Growing Lungworts in the Home Garden
Pulmonaria is a very early spring blooming plant with the unfortunate common name of lungwort. While it used to be used medicinally for lung ailments, today we grow it mostly as a perennial flower. Growing Lungworts in the Home Garden!
Pulmonaria is a large genus with varieties that will grow almost everywhere. Their season is early spring, when most other plants are barely poking out of the ground. Breeders have had a good deal of fun with Pulmonaria in recent decades.
They flower in wonderful brilliant blues, pinks, and white. The leaves can be solid green, speckled or completely frosted white.
Many gardeners first encounter Pulmonaria with the old standard ‘Mrs. Moon’. This is a charming little plant with lance-shaped deep green leaves that are spotted with small white ‘moons’. The buds start out pink and open to an azure blue.
Pulmonaria is a low growing plant, although the flower stalks can reach a foot and a half. Bees love the blossoms. Most varieties will self seed as well as spread by rhizomes, so they make a nice choice as a ground cover.
Pulmonaria are basically woodland plants and prefer either a shady location or at least a moist one.
- Leaves: Oval, pointed leaves. Leaves can be solid green, of varying intensities or variegated with spots or splashes of white.
- Flowers: The small funnel shaped flowers come in vivid clear shades of white, blue and pink. Many will change color, as they mature and are pollinated.
Lungwort, Jerusalem Cowslip, Soldiers & Sailors, Spotted Dog
Pulmonaria is hardy from USDA Zones 4 – 8
Height: 10 – 14 inches, Spread: 18 inches
Pulmonaira is best grown in full to partial shade. Even though the trees have not leafed out when it blooms in eraly spring, since the weather is still cool and damp, it would be fine grown in a spot that will eventually be shaded when the trees leaf out.
Pulmonaria can tolerate more sun if it is kept moist.
Early Spring. Pulmonaria is one of the first perennials to bloom.
Using Lungworts in Garden Design
Pulmonaria plants are naturals for shady woodland gardens. The white flowered varieties really glow against the green foliage.
You can also plant them in a sunny border, among later maturing perennials, for a shot of spring color. Pulmonaria can handle full sun in the spring and the leaves of taller, summer perennials will provide shade for them, later in the season..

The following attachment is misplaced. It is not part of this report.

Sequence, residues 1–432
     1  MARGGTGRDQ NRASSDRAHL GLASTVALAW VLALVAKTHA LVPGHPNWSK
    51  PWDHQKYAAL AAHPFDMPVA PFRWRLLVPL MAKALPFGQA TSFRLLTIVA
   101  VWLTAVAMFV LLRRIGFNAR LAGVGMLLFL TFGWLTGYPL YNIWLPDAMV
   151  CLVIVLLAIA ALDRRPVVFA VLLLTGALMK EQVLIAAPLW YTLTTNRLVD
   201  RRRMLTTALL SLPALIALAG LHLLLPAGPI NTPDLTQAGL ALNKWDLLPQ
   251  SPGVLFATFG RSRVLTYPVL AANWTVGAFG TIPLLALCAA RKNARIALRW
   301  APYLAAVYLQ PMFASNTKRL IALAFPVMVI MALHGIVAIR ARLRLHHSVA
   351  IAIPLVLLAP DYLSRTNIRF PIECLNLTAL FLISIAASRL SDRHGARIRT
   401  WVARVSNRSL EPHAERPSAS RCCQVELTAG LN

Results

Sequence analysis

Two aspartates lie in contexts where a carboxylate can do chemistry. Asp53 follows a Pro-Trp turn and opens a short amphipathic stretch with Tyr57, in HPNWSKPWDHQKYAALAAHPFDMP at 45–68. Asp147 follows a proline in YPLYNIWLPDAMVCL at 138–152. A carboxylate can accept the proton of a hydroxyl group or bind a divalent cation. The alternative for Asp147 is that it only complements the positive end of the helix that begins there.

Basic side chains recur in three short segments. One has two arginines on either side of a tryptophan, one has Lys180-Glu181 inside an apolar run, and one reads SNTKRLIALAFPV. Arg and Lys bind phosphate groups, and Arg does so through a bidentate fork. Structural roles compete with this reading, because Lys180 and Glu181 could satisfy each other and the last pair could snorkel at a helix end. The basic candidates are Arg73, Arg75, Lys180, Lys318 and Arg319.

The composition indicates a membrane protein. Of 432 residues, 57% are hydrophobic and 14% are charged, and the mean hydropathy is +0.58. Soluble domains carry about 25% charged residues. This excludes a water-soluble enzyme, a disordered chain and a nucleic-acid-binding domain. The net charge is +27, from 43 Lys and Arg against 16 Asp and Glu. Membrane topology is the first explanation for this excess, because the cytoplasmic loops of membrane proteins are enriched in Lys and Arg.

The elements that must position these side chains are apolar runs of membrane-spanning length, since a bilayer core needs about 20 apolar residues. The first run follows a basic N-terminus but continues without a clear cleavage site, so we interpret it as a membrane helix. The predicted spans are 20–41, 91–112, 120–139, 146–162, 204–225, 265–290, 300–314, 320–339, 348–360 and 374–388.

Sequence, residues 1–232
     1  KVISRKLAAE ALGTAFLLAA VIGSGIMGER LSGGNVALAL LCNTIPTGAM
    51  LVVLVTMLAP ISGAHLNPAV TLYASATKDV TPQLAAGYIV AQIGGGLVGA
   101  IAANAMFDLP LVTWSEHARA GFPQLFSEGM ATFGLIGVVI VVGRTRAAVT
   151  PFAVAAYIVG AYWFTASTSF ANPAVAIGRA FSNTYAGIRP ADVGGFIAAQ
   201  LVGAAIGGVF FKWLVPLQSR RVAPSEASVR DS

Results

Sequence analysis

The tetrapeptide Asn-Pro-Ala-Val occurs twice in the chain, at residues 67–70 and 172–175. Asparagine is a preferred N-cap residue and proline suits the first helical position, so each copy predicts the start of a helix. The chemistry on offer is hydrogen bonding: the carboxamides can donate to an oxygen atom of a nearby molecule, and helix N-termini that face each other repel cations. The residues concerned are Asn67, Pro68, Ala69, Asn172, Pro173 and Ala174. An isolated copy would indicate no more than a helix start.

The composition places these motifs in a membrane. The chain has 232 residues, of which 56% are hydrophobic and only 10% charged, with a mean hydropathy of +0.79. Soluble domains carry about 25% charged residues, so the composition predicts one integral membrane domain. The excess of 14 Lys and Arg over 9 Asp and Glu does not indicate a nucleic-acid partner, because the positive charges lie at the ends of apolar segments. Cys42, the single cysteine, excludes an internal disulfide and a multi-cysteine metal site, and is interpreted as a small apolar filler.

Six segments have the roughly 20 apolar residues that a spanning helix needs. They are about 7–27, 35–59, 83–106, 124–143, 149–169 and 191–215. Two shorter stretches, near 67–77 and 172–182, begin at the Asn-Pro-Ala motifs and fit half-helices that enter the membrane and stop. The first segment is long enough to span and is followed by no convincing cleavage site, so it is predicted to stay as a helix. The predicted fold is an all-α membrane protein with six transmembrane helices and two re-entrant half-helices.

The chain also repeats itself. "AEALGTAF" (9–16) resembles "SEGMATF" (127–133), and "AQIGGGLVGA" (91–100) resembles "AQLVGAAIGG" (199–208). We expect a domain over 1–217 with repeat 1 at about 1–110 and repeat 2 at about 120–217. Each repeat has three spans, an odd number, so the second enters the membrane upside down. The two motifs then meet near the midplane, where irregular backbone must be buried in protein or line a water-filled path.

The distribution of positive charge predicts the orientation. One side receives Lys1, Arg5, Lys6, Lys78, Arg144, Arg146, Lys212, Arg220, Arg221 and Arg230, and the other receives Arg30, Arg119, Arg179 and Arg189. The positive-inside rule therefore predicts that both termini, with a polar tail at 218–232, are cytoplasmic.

For a winning combination, they look especially beautiful planted with the delicate foliage and soft pink flowers of fringed leaf Dicentra, which bloom at about the same time as the Pulmonaria plants.
- Pulmonaria ‘Excalibur‘ – A clump former with silver leaves and long lasting violet-blue flowers. Mildew resistant.
- Pulmonaria officinalis ‘Sissinghurst White‘ – Long, speckled leaves with pale pink buds that open to pure white
- Pulmonaria ‘Spilled Milk‘ – Has the familiar pink to blue flowers. Young leaves are tinged purple, changing to film of white as they age.
Growing Tips for Pulmonaria:
Soil: Most Pulmonaria plants are not terribly fussy about soil pH, although they prefer something in the neutral to alkaline range .
(7.0 – 7.5). More important is providing them with a well draining soil that retains moisture long enough for the roots to soak it up.
Planting: Since most modern Pulmonaria are hybrids, they are not generally started from seed, however don’t be surprised if you get a few volunteers. They may not be identical to your original plant, but most are lovely, just the same.
After flowering, the flower stalks turn brown and flop over. The initial leaves also begin looking tattered. A removing the entire flower stalk and the older leaves will encourage the plant to rejuvenate and look fresh again. More de-leafing may be necessary if the summer is hot or dry.
Pulmonaria are slow to spread and do not require frequent division, however you can divide a clump after flowering, if you’d like to make more plants.
Pests and Problems:
Because they grow in moist conditions and low to the ground, Pulmonaria can be prone to mildew and slug and snail damage.
Source: The Spruce
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